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Wed, 26 Jan 2022
The World for People who Think

Science of the Spirit


Young people turn to collectivism because of these psychological disparities

Are Americans changing with the times, are the times changing with Americans, or, has nothing really changed at all in the past century?

Before we dive into this discussion it's important to understand one thing above all else - There is nothing new under the sun. Every "new" political movement or cultural upheaval has happened a thousand times or more in the past. Every "new" form of governance is just a rehashed version of a system that came before it. Every "new" economic structure is one of a handful of preexisting and ever repeating trade methodologies. Every "new" revolution and rebellion is a fight for the same basic goals against the same persistent foes that have always existed since the dawn of civilization. All of human history can be condensed down to a few fundamental and irreconcilable differences, desires, values and ambitions.

This cycle of events is a kind of historical furnace where people and nations are forged. Most go through life without any inkling of the whirlwind; they think the things happening to them are unique and unprecedented. Maybe if human beings lived longer lives they would realize how common such conflicts are and view the repetition with less panic.

The so called "disenfranchised" feel overwhelmed by the tides and completely devoid of any influence over the future. Then there are those that have the ability to see the story unfold. There are those that try to control it and use it to their advantage. There are those that are trying desperately to escape it, even at the cost of reason and sanity. And, there are those that take truly individual action and make history rather than simply being caught up in it.

Bizarro Earth

The Psychorium: A needed new analytical tool in the study of pathocracy

© Red Pill Press
Political Ponerology
As mentioned in an earlier post, I observed that an important scholar introducing the concept of pathocracy, and who introduced me to the importance of systemic incursion of psychopaths into politics, was Andrew Łobaczewski. In his book, Political Ponerology, on several occasions, he provided extended discussion of a phenomenon, for which he provides no precise name. Here are some of his observations.

He refers to times of extreme comfort, wherein an aversion to discomfort leads people to resist having to hear uncomfortable truths:
In such times, the capacity for logical and disciplined thought, born of necessity during difficult times, begins to fade. When communities lose the capacity for psychological reason and moral criticism, the processes of the generation of evil are intensified at every social scale, whether individual or macrosocial, until they give rise to "bad" times.

When a few generations' worth of "good-time" insouciance and increasing hysterics results in a societal deficit regarding psychological skill and moral criticism, this paves the way for pathological plotters, spellbinders, even more primitive impostors, and their organized systems of social and moral destruction to act and merge into the processes of the origination of evil. They are essential factors in its synthesis.

Comment: See also: And check out SOTT radio's:


The ambiguity of the evidence - Stephen Meyer's 'The God Hypothesis'

cartoon scientist creation god
The God Hypothesis should be considered as a possible explanation for our universe.

Friedrich Nietzsche was among the first philosophers to wrestle seriously with the implications of Charles Darwin's theories. In Daybreak (1881), Nietzsche considered the metaphysical consequences of Darwinian evolution:
Formerly one sought the feeling of the grandeur of man by pointing to his divine origin: this has now become a forbidden way, for at its portal stands the ape, together with other dreadful beasts, grinning knowingly as if to say: no further in this direction! One therefore now tries the opposite direction: the way mankind is going shall serve as proof of his grandeur and kinship with God. But this too is in vain!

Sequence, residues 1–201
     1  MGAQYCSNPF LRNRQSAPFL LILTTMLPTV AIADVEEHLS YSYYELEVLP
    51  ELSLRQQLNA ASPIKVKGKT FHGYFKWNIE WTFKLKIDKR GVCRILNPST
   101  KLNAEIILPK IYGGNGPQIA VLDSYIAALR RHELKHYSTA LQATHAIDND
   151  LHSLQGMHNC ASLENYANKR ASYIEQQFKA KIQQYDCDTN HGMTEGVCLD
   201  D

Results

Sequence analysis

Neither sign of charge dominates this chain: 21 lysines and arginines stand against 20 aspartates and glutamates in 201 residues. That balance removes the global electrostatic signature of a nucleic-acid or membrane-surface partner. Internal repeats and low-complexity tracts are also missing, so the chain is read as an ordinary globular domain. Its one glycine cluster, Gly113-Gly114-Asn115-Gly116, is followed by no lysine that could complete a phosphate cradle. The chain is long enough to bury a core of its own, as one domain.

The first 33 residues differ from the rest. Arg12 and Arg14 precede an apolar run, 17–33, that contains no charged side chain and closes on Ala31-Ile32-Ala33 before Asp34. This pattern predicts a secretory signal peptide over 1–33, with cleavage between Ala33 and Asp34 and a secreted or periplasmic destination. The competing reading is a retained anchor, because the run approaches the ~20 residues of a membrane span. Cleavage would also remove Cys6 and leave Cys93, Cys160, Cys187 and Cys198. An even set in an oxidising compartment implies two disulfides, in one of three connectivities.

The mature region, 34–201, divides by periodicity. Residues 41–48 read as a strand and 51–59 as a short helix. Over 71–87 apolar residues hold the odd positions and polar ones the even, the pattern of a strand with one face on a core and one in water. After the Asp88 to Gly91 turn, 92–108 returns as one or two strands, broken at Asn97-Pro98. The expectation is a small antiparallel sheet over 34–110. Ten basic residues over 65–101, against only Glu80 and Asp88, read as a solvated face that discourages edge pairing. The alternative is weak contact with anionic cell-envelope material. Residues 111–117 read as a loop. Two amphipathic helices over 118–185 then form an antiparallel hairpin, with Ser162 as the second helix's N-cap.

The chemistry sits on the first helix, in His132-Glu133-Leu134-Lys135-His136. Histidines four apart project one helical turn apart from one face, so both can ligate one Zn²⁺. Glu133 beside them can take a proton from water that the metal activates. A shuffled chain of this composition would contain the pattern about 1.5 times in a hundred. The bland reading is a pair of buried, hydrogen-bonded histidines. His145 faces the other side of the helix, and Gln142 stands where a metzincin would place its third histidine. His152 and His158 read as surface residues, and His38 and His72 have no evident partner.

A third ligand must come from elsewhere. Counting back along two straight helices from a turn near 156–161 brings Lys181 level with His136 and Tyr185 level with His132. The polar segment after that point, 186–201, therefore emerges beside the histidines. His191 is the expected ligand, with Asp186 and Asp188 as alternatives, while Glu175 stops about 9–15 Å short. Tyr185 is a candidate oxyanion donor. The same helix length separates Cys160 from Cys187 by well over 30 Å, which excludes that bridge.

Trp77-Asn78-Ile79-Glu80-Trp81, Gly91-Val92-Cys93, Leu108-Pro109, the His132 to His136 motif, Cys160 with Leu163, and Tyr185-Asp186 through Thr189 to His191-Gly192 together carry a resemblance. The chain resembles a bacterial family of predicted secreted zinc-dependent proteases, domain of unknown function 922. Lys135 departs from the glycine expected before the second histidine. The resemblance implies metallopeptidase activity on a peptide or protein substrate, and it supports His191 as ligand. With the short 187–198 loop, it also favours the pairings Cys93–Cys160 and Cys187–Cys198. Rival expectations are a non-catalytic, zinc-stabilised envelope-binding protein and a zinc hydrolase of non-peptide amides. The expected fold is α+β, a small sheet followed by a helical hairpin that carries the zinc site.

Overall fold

Unlike modern atheists such as Richard Dawkins and Christopher Hitchens, Nietzsche did not believe science could ever provide salvation or meaning. On the contrary, he prophesied in The Birth of Tragedy (1872) that scientists would eventually collide with undecidable questions, raising perplexities that the scientific method itself was unequipped to address.


Red Pill

How to de-program Greta Thunberg

© Jack Davidson/Rolling Stone/KJN
Regardless of how many climate change doomsday stories are debunked, from showing billions of people misleading pictures of a skeletal polar bear hopelessly lurching through iceless lands to reporting about raging Californian wild fires set by radical arsonists, people have been given a story. Regardless of whether or not various natural catastrophes can actually be causally linked to CO2 levels, rather than merely correlatively linked, once we adopt a certain story as our own, the introduction of new information may or may not translate into a newly adapted story. It often doesn't. Regardless, the story we choose for ourselves serves as a map to help us navigate the world and how we choose to interpret our sense-perceptual experience.

At this point, we should state that this article is not about information, but about stories, and how we frame our stories using information. The stories we live our lives by and filter our experience through run much deeper than any amount of information. Information only sinks so deep into the mind. Stories seep into the "deep structures" of our psyche and soul. What's important here is how we use information to frame our story.

Comment: Even those who consider themselves awake and observant must constantly evaluate incoming information to discern truth or motive. Make it a way of life.


Brain surgery without a scalpel

Neurons in Brain
© University of Virginia
School of Medicine researchers have developed a noninvasive way to remove faulty brain circuits that could allow doctors to treat debilitating neurological diseases without the need for conventional brain surgery.

The UVA team, together with colleagues at Stanford University, indicate that the approach, if successfully translated to the operating room, could revolutionize the treatment of some of the most challenging and complex neurological diseases, including epilepsy, movement disorders and more. The approach uses low-intensity focused ultrasound waves combined with microbubbles to briefly penetrate the brain's natural defenses and allow the targeted delivery of a neurotoxin. This neurotoxin kills the culprit brain cells while sparing other healthy cells and preserving the surrounding brain architecture.